I like to keep track of the famous history majors - I figure it can be a recruiting tool for undergrads. It is a way of demonstrating that history majors can do more than teach. Someone with a major in history can go on to be a diplomat, business person, lawyer, sports star, or politician.
Of course, some history majors I'd rather not claim. Like the coach in my last post, who really misunderstood his professors' lectures on historical significance.
Even more shameful, however, is the fact that current Illinois Governor Rod Blagojevich was a history major. I think trying to 'auction' off a U.S. Senate seat to the highest bidder is enough to earn him a spot of the 'History Major Wall of Shame', especially because his actions don't indicate that he learned much from his historical studies.
Some of you may want to quibble with me on this point. After all, Illinois and Chicago (in particular) has a long history of corrupt politicians and aldermen being bought by men like Al Capone. Many of these politicians, moreover, escaped justice. So it wouldn't be unimaginable for a student of history to assume that he too could get away with accepting and even soliciting bribes. But to demonstrate the importance continual revision of our historical knowledge and how paradigms shift in historiography, one of the more recent Governors of Illinois, George Ryan (who was a pharmacist - not a history major), was brought down by a corruption scandal.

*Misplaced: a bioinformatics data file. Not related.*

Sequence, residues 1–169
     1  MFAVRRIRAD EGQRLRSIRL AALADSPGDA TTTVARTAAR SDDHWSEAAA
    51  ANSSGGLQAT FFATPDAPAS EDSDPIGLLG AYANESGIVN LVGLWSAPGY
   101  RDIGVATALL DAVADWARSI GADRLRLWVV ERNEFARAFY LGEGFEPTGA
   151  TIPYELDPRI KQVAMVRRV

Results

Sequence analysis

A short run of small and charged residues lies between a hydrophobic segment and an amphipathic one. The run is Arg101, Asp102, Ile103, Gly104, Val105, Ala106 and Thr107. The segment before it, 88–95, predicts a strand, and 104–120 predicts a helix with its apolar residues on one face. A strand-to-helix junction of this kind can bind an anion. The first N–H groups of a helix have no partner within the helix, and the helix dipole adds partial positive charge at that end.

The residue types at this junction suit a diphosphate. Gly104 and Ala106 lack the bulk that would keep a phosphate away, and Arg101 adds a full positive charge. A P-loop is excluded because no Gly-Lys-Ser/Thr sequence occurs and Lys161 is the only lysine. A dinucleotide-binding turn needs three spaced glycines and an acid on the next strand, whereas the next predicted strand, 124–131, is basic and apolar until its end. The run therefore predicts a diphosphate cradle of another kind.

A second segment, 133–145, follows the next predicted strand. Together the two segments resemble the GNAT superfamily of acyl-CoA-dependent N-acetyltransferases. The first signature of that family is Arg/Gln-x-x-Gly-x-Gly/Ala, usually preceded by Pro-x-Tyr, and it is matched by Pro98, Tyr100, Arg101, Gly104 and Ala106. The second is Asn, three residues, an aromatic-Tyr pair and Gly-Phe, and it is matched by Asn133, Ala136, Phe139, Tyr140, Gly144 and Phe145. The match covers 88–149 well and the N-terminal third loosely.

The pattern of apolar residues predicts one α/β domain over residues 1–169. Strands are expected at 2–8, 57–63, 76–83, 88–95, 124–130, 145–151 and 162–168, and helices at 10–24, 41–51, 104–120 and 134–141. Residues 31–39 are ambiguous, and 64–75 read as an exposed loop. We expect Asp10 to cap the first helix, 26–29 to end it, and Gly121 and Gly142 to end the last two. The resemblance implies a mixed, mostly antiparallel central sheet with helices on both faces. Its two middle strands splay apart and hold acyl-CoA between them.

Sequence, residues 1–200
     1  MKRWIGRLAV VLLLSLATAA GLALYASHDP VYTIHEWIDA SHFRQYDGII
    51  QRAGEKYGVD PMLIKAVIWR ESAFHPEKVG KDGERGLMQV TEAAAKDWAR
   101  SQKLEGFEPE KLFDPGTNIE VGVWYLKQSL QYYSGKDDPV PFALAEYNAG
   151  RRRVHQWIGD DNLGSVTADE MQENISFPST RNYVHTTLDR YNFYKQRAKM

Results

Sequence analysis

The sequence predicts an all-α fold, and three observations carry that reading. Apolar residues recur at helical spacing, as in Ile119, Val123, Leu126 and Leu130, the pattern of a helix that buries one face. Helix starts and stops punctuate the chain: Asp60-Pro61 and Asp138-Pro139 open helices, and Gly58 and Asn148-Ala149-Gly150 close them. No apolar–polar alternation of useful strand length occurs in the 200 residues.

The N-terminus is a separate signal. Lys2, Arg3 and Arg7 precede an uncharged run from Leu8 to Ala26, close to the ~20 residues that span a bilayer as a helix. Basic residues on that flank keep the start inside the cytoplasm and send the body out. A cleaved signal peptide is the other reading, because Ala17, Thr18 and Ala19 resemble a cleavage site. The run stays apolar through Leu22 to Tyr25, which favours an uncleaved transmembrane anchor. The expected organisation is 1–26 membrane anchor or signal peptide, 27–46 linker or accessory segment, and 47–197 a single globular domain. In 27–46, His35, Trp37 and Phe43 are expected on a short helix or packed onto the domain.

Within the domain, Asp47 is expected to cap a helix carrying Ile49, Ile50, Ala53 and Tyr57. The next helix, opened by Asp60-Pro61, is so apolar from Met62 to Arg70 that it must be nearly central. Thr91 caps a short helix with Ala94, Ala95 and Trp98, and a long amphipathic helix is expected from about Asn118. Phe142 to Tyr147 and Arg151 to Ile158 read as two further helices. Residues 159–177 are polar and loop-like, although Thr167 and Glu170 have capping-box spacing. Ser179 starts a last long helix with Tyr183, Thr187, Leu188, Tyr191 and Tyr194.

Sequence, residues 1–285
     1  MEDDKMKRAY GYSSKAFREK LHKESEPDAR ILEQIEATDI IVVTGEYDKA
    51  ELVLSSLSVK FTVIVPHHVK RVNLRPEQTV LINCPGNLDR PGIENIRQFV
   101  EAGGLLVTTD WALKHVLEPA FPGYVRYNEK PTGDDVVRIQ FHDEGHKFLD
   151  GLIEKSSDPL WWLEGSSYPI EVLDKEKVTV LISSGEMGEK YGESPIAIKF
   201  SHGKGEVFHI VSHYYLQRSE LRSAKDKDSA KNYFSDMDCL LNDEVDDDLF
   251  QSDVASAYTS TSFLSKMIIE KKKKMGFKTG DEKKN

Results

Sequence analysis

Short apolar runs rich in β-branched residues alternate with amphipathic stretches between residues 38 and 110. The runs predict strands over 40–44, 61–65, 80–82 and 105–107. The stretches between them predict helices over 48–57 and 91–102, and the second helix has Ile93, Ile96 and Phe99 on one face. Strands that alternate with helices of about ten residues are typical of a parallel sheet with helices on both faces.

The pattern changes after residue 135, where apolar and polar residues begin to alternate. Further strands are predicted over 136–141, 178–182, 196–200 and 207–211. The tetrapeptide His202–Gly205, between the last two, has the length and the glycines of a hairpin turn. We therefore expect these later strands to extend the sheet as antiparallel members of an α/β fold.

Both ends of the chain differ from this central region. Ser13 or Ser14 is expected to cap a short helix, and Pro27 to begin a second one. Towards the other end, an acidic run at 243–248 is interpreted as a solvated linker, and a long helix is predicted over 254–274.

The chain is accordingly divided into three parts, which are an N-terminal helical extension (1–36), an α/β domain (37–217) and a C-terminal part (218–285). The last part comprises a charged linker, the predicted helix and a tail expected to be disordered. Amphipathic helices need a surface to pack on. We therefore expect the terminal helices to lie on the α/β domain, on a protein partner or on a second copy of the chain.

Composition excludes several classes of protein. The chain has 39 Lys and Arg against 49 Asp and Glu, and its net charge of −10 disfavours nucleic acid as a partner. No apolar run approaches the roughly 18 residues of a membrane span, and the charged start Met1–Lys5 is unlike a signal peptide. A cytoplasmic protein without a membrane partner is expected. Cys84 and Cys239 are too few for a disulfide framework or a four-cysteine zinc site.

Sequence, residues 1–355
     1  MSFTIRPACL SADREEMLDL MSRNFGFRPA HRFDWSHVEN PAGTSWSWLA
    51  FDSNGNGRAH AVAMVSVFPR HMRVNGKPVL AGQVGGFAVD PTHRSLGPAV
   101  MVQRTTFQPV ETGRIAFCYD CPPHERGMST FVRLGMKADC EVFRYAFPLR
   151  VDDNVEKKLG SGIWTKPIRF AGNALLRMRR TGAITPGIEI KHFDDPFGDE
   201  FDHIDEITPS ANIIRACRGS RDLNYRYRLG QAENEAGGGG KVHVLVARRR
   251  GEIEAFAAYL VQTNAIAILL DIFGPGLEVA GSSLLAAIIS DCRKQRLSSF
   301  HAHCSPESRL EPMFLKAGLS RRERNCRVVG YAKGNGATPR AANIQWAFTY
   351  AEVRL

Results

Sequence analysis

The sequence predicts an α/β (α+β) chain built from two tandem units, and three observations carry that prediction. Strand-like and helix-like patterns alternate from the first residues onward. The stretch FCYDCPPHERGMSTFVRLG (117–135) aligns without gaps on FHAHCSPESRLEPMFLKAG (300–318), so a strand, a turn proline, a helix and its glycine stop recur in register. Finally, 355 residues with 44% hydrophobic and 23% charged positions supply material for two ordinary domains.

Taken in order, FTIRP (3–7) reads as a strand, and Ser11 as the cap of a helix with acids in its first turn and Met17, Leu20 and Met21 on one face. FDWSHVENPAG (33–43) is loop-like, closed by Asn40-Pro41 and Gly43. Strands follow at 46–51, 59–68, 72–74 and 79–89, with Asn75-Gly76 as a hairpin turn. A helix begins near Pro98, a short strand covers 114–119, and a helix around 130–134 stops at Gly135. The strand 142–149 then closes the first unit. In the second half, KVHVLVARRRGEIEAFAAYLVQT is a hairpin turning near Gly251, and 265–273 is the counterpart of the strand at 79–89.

So maybe, Blagojevich's problem was not that he didn't learn anything as a history major at Northwestern University, but rather that he stopped reading 20th century history after he got his B.A.